Senator Owen H. Johnson supported several anti-crime bills that passed the State Senate on April 5, 2011, strengthening penalties and creating new charges for offenses relating to sexual abuse, bank robberies, home invasions and driving irresponsibly. The measures will help deter criminals, hold violators accountable and create safer communities throughout the state.“These bills address important issues and concerns that affect the lives of everyone in our communities. I encourage the Assembly to act so that we can help make our communities safer,” Senator Johnson said.
Senator Owen H. Johnson supported a bill (S.998B) that passed the Senate today making it easier for law enforcement to crack down on texting-while-driving offenses and prevent tragic accidents caused by drivers distracted by texting.The bill would make text messaging while driving a primary violation rather than a secondary violation. Under the current law, a driver could only be cited for texting-while-driving if another violation, such as speeding, is also being cited.“Texting while driving is one of the most dangerous driver distractions today,” Senator Johnson said. “The legislation we passed in the Senate sends the message that there will be consequences for those who continue to risk our lives with their careless conduct.”
The New York State Senate today passed additional restrictions for sex offenders to help protect children and families. The four bills strengthen the penalties for not registering as a sex offender or following other post-release conditions, expand the current registry to include certain criminals serving sentences after committing a sex offense as a result of mental disease or defect, and prevent sex offenders from preying upon mental health workers and patrons in library settings.
Senator Owen H. Johnson cosponsored legislation that imposes mandatory jail time for individuals who drive under the influence of drugs or alcohol after having been previously convicted of such a crime. The bill (S.2597) passed the New York State Senate unanimously and is intended to increase the penalties for multiple DWI offenders.“Repeat DWI offenders are going to jail,” Senator Johnson said. “ I have zero tolerance for those who repeatedly choose to put innocent lives at risk on our highways. Our current DWI laws are weak, sometimes imposing a fine or allowing for community service. Mandatory jail time would make DWI offenders think twice before driving drunk again.” Under the measure:
In the wake of Caylee Anthony’s tragic murder case and the murder of eight-year-old Leiby Kletzky in Brooklyn, legislation has been introduced in the New York State Senate that would make sweeping, comprehensive changes to the state’s child protection laws to help protect children from cruel and repeated abuse. The bill, called the “Protect Our Children Act” (S.5862), is sponsored by Senators Mark Grisanti (R, North Buffalo), Stephen Saland (R-I-C, Poughkeepsie), Andrew Lanza (R-I, Staten Island), Greg Ball (R-C, Pawling) and Charles Fuschillo (R, Merrick).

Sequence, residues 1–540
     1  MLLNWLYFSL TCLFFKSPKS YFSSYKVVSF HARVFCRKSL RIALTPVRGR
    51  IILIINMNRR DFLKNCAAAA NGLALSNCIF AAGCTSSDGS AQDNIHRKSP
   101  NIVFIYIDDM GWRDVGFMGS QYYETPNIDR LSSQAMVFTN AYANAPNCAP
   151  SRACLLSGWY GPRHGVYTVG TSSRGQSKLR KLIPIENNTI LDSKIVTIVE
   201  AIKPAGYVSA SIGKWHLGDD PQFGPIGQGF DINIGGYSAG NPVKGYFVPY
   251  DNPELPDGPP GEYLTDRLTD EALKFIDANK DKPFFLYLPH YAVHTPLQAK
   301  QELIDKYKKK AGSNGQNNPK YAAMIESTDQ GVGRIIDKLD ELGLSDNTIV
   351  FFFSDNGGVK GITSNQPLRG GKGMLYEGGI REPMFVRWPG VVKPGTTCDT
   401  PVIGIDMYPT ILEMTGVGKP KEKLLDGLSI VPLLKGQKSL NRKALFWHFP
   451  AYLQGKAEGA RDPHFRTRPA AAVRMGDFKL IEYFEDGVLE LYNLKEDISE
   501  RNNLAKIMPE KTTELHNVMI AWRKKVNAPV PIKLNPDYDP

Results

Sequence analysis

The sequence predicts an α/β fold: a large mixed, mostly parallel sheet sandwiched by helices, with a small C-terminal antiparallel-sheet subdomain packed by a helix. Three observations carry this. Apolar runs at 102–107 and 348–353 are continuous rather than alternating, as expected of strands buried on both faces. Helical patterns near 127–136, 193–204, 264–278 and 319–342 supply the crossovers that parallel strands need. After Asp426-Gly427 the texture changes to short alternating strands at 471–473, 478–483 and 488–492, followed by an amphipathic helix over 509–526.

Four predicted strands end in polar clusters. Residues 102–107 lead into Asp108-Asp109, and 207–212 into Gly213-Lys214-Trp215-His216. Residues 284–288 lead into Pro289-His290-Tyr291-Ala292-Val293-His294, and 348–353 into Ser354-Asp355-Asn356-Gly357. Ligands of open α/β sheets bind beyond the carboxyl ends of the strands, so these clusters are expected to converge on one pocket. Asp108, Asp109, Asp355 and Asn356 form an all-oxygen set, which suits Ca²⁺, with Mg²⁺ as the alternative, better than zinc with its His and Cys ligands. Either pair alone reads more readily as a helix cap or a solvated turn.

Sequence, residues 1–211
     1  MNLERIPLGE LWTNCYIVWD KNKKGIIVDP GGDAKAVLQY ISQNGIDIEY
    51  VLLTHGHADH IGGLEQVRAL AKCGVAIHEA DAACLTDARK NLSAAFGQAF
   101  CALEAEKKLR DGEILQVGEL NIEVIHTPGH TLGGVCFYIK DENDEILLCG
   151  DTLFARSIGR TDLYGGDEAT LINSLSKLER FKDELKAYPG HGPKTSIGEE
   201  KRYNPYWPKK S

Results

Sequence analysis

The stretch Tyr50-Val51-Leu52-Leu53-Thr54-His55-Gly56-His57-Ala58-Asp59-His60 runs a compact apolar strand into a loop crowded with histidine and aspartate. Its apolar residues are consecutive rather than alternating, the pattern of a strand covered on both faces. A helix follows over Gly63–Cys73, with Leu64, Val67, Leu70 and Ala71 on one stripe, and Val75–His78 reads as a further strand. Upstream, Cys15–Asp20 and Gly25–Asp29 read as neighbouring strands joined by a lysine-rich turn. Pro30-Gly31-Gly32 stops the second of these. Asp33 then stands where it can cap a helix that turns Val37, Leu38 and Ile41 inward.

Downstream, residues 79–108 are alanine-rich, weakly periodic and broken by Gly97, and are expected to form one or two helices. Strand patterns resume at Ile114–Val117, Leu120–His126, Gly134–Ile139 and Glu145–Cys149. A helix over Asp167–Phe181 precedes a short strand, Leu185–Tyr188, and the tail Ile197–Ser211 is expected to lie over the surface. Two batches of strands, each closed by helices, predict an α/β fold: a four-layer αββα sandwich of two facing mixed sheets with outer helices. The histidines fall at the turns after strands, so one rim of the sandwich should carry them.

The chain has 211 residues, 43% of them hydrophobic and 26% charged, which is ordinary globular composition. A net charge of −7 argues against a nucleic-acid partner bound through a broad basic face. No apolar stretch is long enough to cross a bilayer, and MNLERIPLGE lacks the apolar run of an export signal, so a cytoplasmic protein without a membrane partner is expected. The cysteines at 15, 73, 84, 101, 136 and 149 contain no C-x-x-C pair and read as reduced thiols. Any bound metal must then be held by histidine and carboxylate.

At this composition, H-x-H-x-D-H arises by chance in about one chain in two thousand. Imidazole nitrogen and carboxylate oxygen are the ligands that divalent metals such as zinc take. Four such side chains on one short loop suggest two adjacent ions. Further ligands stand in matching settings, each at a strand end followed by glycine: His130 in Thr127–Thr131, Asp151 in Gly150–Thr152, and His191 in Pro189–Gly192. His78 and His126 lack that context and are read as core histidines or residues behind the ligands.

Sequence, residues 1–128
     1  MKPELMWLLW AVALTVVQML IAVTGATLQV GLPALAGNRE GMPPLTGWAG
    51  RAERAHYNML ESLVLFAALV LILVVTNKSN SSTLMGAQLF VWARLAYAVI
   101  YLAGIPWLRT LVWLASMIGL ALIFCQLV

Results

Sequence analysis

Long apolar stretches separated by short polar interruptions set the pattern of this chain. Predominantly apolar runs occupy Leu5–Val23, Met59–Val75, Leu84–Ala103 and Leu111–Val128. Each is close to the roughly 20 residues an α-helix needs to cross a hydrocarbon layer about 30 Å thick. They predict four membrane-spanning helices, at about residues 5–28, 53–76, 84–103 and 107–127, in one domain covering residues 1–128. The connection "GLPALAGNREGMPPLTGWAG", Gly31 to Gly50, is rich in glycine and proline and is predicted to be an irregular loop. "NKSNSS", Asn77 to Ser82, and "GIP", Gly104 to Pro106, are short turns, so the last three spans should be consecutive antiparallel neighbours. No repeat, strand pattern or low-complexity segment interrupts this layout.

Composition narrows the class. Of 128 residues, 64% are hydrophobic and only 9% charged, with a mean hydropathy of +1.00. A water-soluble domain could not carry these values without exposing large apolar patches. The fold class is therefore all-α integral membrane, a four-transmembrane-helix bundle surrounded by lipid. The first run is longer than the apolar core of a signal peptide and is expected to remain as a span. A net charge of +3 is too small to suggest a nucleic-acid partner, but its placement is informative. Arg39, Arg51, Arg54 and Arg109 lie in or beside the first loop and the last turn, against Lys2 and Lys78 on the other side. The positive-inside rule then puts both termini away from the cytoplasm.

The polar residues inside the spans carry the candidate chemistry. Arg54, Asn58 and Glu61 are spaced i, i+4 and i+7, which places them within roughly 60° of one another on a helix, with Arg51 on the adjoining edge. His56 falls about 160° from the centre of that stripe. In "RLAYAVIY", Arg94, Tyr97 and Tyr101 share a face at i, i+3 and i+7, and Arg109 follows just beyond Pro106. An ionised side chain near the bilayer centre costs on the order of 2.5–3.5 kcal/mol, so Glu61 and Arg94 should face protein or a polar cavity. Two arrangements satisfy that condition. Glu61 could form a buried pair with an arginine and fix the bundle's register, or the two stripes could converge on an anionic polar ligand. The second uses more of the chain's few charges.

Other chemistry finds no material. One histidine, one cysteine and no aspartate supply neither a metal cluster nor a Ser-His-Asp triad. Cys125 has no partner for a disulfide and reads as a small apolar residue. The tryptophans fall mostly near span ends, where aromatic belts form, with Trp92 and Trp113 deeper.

Program allows parents to quickly search surroundings for threats to childrenSenator Owen H. Johnson wants to notify his constituents that the New York State Division of Criminal Justice Services (DCJS) has launched a Sex Offender Locator application which is accessible via the New York State Public Safety Facebook page. The app makes it easier for parents who want to quickly look up information regarding Level 2 and Level 3 Sex Offenders within their immediate area.
The New York State Senate today passed legislation, sponsored by Senator Charles J. Fuschillo, Jr. (R-Merrick), to create felony charges for wrong-way and other reckless drivers. “Wrong-way drivers have caused tragedies and endangered lives on our roadways; it has to stop. Creating felony charges for wrong-way and reckless drivers will give law enforcement another tool to prosecute these individuals and get them off the roads,” said Senator Fuschillo, Chairman of the Senate’s Transportation Committee.
Bill Would Enact Governor’s Proposal To Include Misdemeanors The New York State Senate today passed legislation, sponsored by Senator Steve Saland (R-I-C, Poughkeepsie) and Senator Martin Golden (R-C, Brooklyn), for the largest expansion of the state’s DNA databank since it was created in 1994. The legislation mirrors the databank expansion plan proposed by Governor Cuomo in his Executive Budget to require people convicted of all felonies, as well as all misdemeanors in the penal law to submit DNA samples.
SENATE PASSES BILL TO INCREASE PENALTIES FOR STALKING The New York State Senate today passed a bill, sponsored by Senator Carl L. Marcellino, that would increase the penalties for stalking (S. 924A). An estimated 3.4 million people are victims of stalking in the United States each year. "The obsessive nature of stalkers is unimaginable until you have suffered as the target of their endless pursuit,” said Senator Marcellino. “Stalking is a serious and potentially life-threatening crime. It changes the lives of the people who are victimized forever. This heinous behavior often proves lethal and the punishment must fit the crime.”